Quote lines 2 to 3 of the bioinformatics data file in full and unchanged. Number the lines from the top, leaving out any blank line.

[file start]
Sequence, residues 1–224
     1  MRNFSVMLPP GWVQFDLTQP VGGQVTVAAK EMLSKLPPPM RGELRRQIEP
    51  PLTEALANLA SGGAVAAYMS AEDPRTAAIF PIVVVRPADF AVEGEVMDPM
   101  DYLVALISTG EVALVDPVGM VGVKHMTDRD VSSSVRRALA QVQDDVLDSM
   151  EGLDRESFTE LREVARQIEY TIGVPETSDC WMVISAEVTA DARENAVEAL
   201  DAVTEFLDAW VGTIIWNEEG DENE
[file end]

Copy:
     1  MRNFSVMLPP GWVQFDLTQP VGGQVTVAAK EMLSKLPPPM RGELRRQIEP
    51  PLTEALANLA SGGAVAAYMS AEDPRTAAIF PIVVVRPADF AVEGEVMDPM